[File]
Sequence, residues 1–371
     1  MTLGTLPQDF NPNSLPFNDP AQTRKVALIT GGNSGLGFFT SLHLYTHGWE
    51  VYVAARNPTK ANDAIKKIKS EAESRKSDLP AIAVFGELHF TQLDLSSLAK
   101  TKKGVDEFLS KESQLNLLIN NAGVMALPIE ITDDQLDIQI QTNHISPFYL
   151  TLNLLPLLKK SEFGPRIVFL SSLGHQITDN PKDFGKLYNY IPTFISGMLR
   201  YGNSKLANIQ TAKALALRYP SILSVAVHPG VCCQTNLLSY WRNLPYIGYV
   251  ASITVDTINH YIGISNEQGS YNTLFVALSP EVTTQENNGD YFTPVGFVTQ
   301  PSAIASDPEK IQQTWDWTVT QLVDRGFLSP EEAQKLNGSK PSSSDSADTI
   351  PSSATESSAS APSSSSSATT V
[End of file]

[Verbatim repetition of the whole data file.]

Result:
Sequence, residues 1–371
     1  MTLGTLPQDF NPNSLPFNDP AQTRKVALIT GGNSGLGFFT SLHLYTHGWE
    51  VYVAARNPTK ANDAIKKIKS EAESRKSDLP AIAVFGELHF TQLDLSSLAK
   101  TKKGVDEFLS KESQLNLLIN NAGVMALPIE ITDDQLDIQI QTNHISPFYL
   151  TLNLLPLLKK SEFGPRIVFL SSLGHQITDN PKDFGKLYNY IPTFISGMLR
   201  YGNSKLANIQ TAKALALRYP SILSVAVHPG VCCQTNLLSY WRNLPYIGYV
   251  ASITVDTINH YIGISNEQGS YNTLFVALSP EVTTQENNGD YFTPVGFVTQ
   301  PSAIASDPEK IQQTWDWTVT QLVDRGFLSP EEAQKLNGSK PSSSDSADTI
   351  PSSATESSAS APSSSSSATT V